Moments before he was rescued from The Family, Australia’s most infamous cult, Ben Shenton and his siblings thought they were about to be brutally punished again.
The children, isolated from the outside world, had long perfected the art of silently playing cards when they were instead meant to be in the middle of long stints of enforced yoga. Shenton assumed the shuffling on the stairs was one of their “aunts” coming in to try to catch them in the disobedient act.
Instead, the compound they were raised in was being raided by over one hundred Victorian Police, who surrounded the Lake Eildon property, and rescued the children. Shenton was only 15, and frightened by the “kaleidoscope of activities and emotions” unfolding.
Clearly, these were the evil men the children had often been warned about, who, if anyone found out about their secret lives, would scoop them up in cloth bags, kidnap and beat them.
Over the following days, Ben would learn a lot about his life. He would learn the woman he believed was his mother was in fact Anne Hamilton-Byrne, the most notorious cult leader in Australian history.
He would learn that his name had been changed when he was 18 months old, along with that of his birth mother; one of many parents brainwashed into giving their children to Hamilton-Byrne to raise under abusive, oppressive conditions.
He would watch as Hamilton-Byrne and her husband fled the country, a country that became fascinated by his upbringing in “The Family”, a cult that lived on an isolated three-acre compound named Kia Lama.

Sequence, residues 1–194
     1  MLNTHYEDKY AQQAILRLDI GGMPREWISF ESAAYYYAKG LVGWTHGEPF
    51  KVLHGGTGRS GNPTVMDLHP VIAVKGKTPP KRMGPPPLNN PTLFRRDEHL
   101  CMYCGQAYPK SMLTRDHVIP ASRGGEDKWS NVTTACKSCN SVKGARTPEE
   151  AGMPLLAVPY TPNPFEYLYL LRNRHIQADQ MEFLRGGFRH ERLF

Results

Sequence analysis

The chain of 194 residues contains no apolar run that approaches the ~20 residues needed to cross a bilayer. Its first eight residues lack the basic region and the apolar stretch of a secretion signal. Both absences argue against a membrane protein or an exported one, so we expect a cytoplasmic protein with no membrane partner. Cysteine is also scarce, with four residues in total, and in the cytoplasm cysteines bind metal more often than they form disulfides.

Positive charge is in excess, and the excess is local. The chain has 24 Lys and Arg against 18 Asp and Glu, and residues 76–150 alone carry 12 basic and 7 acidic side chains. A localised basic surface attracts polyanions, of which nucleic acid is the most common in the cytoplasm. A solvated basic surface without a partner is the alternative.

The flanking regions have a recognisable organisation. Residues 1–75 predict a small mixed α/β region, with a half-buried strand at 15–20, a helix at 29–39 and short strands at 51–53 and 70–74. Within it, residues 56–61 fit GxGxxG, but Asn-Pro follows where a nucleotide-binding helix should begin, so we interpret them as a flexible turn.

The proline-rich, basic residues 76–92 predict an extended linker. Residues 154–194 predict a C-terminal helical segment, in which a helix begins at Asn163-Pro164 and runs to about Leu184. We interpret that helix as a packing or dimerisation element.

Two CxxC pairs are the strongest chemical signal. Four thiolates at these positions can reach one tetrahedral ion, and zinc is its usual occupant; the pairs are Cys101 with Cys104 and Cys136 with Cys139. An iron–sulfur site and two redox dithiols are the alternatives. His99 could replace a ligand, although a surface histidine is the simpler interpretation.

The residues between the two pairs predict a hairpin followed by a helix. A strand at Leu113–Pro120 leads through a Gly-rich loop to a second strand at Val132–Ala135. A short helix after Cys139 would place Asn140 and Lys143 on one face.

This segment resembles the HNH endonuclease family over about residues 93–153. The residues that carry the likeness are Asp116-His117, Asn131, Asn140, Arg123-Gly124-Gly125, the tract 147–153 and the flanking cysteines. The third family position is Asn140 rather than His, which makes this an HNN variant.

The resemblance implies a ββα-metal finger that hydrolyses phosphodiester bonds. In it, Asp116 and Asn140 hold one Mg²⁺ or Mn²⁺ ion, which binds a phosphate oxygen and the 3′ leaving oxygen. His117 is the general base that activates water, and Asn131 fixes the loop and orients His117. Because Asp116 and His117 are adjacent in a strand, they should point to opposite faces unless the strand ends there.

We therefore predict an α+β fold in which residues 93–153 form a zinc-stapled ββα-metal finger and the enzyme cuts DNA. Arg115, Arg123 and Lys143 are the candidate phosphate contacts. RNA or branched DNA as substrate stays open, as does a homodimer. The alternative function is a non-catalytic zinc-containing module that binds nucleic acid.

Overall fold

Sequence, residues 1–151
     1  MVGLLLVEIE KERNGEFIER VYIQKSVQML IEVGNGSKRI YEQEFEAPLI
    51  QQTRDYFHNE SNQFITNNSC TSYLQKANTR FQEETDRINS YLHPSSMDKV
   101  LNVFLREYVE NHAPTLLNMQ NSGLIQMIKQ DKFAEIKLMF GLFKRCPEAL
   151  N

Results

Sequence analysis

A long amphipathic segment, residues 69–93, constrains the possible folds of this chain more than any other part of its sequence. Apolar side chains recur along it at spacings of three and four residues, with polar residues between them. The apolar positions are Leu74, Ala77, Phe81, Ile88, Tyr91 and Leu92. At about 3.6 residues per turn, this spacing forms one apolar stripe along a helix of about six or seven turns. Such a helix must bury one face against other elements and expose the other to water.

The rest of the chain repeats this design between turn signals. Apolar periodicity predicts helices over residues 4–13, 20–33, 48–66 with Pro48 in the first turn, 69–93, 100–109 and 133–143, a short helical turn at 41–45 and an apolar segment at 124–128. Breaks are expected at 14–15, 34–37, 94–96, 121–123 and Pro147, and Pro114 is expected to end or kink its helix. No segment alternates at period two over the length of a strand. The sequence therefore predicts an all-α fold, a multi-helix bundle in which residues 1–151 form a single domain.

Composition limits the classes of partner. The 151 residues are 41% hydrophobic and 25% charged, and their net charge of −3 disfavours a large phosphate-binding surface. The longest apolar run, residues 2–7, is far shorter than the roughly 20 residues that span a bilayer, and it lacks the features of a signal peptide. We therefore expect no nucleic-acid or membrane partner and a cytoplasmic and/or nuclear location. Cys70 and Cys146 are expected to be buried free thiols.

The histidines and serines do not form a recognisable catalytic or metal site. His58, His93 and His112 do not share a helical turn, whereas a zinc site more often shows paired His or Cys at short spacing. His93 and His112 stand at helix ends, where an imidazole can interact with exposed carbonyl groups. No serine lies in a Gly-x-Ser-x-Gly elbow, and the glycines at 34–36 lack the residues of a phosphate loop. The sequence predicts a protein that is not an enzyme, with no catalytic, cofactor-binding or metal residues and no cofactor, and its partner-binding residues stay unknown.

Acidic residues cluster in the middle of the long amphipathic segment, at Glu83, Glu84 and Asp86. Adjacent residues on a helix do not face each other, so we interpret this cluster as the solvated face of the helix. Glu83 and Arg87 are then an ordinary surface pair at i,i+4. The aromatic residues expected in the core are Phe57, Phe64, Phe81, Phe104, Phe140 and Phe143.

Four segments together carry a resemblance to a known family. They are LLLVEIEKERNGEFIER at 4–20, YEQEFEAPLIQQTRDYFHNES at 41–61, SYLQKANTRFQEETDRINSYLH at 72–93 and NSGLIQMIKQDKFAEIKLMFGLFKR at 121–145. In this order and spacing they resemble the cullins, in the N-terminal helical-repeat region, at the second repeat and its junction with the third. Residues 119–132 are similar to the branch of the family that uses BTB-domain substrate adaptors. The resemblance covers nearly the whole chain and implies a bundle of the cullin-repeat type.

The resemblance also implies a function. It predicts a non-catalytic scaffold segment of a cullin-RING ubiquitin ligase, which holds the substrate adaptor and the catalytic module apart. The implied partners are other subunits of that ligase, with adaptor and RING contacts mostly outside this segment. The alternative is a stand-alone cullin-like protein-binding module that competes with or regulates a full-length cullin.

Followers believed Hamilton-Byrne was the reincarnation of Jesus Christ, a living deity on par with only Buddha and Krishna. Ben would soon learn she wasn’t.
He would learn more over the years, things that drove him to dark places.
At the time the cops swooped, at 7.30 on an average morning, he believed Hamilton-Byrne was his mother. But he knew something was amiss.
The Family was formed in 1963 by Anne Hamilton-Byrne, a charismatic yoga instructor.
The previous year, she had met the master of Queens College at Melbourne University, physicist Dr Raynor Johnson, and although they met through her husband, Johnson quickly fell under her spell. He believed her when she told him she was the reincarnation of Jesus Christ.
By this point, Hamilton-Byrne had parlayed her regular yoga and meditation classes into a religious group of sorts, her disciples first meeting in Johnson’s living room every week, then three times a week, then on a newly-purchased block of land opposite Johnson’s house, where they set up their first lodge. The Family soon moved in.